Souns places specifically designed and sequenced letters of our phonetic alphabet into the hands of the young child. The hand holds, plays with, and explores the letters. Since each letter is given only one label - the most common sound of that letter - the child slowly builds a base of letter-sound associations for the early stages of reading. Learning becomes incidental, natural - and fun. Souns is about early learning, and the hand is essential to this process.
While highly valuable for typically-developing children, Souns is an especially powerful tool for special needs children with intellectual, physical and/or developmental disabilities for whom reading is often a challenge. Souns has the potential to break the poverty cycle: by helping children of low income families become ready for school, Souns can contribute to leveling the academic playing field.
Far too often children enter school unprepared to succeed in reading. Research confirms the best predictor of end-of-kindergarten literacy skill is beginning-of-kindergarten literacy skill (Walpole, Chow, & Justice, 2004). We need to start earlier, understanding the early reading potential of the young child.
Reading is one of the most difficult skills to learn and is pivotal to success in life. Brain research indicates that the most critical period for language development is the first few years of life. Research also states that the sensitivity to language in this period wanes near 5 years of age, the same time the child enters school.
A typically developing 5 month old is equipped to adapt to any language and is tirelessly exploring language sounds. By 9 to 10 months of age, the infant has absorbed the sounds of the language around him. The infant hand examines every detail of the environment. The hand collects data that stimulates brain development. The brain and the hand are in collaboration, in perfect concert with each other. A letter in the hands of the young child with its associated sound is learned just as readily as words like ball, shoe, and juice. The child is, after all, just identifying another object in the environment.
Current early literacy materials are almost entirely based on auditory and visual learning. The eye and the ear are clearly important, but the hand is at least as important, particularly for early learning. Considering that special needs children are seldom identified by 5 months of age, and that research determines there are windows for learning that, when missed, cannot be reopened, Souns becomes strategically important.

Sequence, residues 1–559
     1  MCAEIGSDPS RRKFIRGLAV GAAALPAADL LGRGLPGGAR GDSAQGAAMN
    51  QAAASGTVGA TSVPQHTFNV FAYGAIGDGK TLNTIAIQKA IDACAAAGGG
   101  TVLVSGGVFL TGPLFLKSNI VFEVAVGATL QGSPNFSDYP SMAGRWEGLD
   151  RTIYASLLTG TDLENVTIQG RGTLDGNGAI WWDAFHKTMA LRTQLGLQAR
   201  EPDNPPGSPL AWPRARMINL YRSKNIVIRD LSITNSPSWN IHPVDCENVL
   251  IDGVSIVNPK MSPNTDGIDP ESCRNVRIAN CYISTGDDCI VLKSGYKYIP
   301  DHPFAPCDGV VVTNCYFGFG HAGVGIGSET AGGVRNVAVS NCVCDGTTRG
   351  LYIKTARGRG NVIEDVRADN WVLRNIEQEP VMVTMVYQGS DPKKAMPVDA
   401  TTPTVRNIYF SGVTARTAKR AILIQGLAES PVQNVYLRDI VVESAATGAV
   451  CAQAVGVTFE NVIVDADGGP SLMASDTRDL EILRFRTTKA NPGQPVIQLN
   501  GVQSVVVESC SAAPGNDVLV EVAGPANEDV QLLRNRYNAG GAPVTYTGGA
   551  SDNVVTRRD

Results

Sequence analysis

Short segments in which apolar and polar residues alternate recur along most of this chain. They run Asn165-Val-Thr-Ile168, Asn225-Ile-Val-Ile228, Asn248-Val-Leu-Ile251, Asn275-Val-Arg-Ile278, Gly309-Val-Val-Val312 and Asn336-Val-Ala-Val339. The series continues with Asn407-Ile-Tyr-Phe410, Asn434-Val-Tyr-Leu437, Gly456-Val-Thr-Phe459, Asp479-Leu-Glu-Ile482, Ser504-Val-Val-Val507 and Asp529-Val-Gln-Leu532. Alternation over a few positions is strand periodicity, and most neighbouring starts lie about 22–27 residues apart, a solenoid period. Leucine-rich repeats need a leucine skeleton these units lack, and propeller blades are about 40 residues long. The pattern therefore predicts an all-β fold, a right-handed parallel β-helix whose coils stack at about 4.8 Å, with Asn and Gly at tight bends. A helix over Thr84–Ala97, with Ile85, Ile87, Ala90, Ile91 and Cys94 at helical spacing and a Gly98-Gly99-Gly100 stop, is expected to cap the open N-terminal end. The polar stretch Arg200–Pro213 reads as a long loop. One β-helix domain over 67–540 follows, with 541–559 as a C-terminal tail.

The Souns program works best if initially introduced to children whose developmental age is between 5 months and 24 months. Souns letters are manipulatives that can be interacted with by the child and the caregiver as one would with blocks or a ball. Informally, the child learns between 9 to 20 letter-sound associations by 2 to 3 years of age. With a category for printed language established within the data base of the brain, the child continues to add the sounds of other letters. Children learn the sounds of letters as incidentally as they learn the names of foods, clothing items, and toys. Early stages of reading begin to emerge between 3 to 4 years of age in typically developing children using the Souns program.
Souns provides solutions to the particular challenges of many special needs children. Letters that children can hold and play with offers an alternative way of learning: a concrete, touchable concept of printed language rather than an abstract one. Whether children are typically developing or have special needs, the collaboration between the hand and the brain is fundamental to learning.
For low income and English language learning populations, Souns provides a program that is profoundly simple. Souns is based in the nature of human development. It is unique in that people with different issues can connect to it. Immigrant families can learn the English language together - parent and infant or toddler. Souns interfaces with the early learning potential in every child, regardless of their circumstances.
THE IMPACT of the Souns early literacy program for infants and toddlers
Souns is an informal program that engages and makes sense to infants and toddlers. Souns is financially accessible to both homes and institutions. In practice, Souns is easy to use and replicable. The Souns materials require only a guide booklet and the sound symbols, so it is seamlessly incorporated and works equally well in any environment. Children will be more ready for school and will be more successful in learning.
When introduced at the opportune time, Souns has a dramatic effect with certain special needs children, and the results are profound when used with typically developing children, whatever the socioeconomic background. In addressing the global issue of literacy, Souns makes a powerful difference by providing the right information at the right time and in the right way.